Improve your English grammar by learning a foreign language

A couple of weeks ago, a high school History teacher told me, “I learned most of my
English grammar by studying Latin.” I can relate to and agree with this through my study of Spanish.latin

I started studying Spanish two decades ago. The first word I learned was from the mother of a friend from Mexico. She spoke no English. One afternoon I went to his house and he wasn’t home. His mother told me something in Spanish and it was clear from the look on my face that I had no idea what she had said. She then continued to repeat “Biblioteca, biblioteca” as she pointed up the hill toward the library. When I arrived at the library, I found my friend and I realized I had learned my first Spanish word.

From that day, I decided to make it a point to learn Spanish. I took Spanish through high school and college. I studied Spanish in Guatemala for three months, working one-on-one with a Guatemalan teacher, five days a week, eight hours a day.

studying-spanish

After Guatemala, I volunteered at a maternity home where many of the clients were Spanish speakers. I tutored students in Spanish at a college. Over morning coffee, I spoke Spanish with a friend of Puerto Rican descent. Then, throughout my English graduate studies, I sat-in on as many Spanish college courses as I could.

I never planned to be a Spanish teacher or permanently live in a Spanish-speaking country. I wanted to learn a new language because I was aware of the well-known benefits of doing so: a greater ability to complete analytical tasks, an worldbooksresizeintroduction to a new culture, a competitive edge in the job market, and so on.

When I completed my MA in English, my family and I moved to Ecuador. There I took Spanish classes, but most of my time was dedicated to teaching English. As a new teacher in a classroom, I found that teaching the English language was not much different than learning the Spanish language. I discovered that all my years of studying Spanish helped me to better understand the English language.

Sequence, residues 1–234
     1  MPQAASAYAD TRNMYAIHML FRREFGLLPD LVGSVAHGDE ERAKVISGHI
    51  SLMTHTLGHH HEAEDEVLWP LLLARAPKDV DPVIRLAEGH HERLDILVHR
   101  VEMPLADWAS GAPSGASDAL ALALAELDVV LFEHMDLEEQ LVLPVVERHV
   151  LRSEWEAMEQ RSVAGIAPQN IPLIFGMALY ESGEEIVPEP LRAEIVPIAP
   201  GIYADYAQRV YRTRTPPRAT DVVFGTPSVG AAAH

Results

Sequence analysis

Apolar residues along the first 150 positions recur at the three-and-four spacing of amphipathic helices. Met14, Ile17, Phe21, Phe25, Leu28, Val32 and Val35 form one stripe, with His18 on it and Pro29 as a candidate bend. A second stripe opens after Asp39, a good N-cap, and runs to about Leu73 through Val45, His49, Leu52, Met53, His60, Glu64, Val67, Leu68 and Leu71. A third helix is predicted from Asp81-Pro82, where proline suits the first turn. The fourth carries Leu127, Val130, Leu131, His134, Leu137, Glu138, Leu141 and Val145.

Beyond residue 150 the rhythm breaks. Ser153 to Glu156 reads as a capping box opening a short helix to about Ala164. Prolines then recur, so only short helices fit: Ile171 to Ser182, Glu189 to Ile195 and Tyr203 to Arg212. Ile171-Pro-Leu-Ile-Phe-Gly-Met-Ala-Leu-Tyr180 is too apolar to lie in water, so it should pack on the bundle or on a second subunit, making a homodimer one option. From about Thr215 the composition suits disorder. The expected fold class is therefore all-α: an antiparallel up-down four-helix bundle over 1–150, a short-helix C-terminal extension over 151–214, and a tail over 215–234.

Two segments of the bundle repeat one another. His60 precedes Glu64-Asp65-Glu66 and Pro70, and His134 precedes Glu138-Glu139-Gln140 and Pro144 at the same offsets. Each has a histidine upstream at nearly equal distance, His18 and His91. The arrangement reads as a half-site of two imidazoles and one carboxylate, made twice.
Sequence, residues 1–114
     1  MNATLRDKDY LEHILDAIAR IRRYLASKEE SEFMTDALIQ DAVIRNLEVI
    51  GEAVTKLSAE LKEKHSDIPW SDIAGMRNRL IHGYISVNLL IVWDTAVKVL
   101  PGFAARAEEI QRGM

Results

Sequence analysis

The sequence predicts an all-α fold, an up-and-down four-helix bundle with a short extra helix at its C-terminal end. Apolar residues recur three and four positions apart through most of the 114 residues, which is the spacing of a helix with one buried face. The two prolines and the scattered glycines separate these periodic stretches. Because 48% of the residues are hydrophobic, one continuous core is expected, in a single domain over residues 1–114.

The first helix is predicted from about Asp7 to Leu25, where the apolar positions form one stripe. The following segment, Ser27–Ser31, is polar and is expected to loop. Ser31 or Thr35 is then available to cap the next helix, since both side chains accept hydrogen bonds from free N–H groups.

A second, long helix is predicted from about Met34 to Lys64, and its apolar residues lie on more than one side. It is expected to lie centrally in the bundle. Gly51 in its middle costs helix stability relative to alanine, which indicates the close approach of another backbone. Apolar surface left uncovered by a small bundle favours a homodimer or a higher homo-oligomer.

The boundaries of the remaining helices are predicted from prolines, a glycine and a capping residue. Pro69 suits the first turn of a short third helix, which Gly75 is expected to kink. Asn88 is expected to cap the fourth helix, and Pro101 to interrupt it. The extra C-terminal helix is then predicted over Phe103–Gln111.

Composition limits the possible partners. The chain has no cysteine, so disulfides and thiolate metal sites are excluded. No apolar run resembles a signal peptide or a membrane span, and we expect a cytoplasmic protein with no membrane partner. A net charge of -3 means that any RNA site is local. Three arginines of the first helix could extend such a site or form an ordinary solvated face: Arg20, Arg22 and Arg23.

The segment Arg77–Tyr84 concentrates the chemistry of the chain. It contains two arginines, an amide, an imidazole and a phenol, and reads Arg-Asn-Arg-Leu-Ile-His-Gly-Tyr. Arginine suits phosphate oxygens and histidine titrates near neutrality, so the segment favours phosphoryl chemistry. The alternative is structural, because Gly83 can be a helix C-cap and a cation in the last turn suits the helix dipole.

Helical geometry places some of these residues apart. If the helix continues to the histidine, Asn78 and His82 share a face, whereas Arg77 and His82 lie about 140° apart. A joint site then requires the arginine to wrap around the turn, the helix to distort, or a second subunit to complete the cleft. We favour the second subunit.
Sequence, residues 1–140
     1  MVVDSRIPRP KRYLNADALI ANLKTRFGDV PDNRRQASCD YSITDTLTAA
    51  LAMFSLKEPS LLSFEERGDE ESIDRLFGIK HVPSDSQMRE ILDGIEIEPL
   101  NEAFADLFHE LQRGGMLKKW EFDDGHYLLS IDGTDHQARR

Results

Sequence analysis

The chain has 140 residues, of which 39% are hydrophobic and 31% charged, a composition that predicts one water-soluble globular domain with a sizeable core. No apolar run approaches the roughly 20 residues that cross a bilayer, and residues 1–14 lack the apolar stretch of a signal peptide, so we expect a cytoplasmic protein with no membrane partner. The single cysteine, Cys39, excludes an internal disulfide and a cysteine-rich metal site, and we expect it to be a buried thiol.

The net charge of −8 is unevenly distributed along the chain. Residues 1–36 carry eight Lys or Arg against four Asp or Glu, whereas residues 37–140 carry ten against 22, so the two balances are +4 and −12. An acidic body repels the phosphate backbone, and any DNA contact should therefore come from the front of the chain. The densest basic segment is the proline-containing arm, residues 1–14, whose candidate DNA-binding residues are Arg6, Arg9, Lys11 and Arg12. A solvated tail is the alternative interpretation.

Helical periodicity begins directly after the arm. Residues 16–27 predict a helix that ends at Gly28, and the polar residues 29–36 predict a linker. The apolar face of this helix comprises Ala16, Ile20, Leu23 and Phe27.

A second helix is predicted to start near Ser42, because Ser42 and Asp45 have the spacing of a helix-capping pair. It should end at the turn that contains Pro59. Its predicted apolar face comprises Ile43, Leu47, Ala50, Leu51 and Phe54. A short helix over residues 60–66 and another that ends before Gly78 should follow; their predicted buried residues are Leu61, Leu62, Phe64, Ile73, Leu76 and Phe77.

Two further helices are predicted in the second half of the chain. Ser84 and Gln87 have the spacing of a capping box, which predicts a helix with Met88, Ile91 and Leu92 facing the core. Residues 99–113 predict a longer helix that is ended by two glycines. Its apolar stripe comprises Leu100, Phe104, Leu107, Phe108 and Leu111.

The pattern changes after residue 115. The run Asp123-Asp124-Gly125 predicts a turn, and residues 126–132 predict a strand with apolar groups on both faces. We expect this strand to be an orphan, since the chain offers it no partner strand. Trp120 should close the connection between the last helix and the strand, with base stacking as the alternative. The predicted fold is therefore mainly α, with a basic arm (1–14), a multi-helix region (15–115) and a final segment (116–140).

Anne Merritt points out in “Why learn a foreign language? Benefits of bilingualism” that learning a foreign language draws our focus to the mechanics of language: grammar, conjugations, idioms, and sentence structure. Merritt says, “This makes you more aware of language, and the ways it can be structured and manipulated. These skills can make you a more effective communicator and a sharper editor and writer.”

If we want a better hold of English and we want to improve our reading and writing skills, we should remember the words of Johann Wolfgang von Goethe: “Those who know nothing of foreign languages know nothing of their own.”

travel

An excellent source for literature

readingA website simply named “American Literature” has a lot to offer. The site consists of lists like “Short Stories for Middle Schoolers” and a page of “American Literature Classics Library.”

And the best part is the works are all there! Click on a work of fiction, and it’s there for your—or your child—to read. So, if you need help finding reading assignments for your child or you’re simply looking for something good to read, check out: AmericanLiterature.com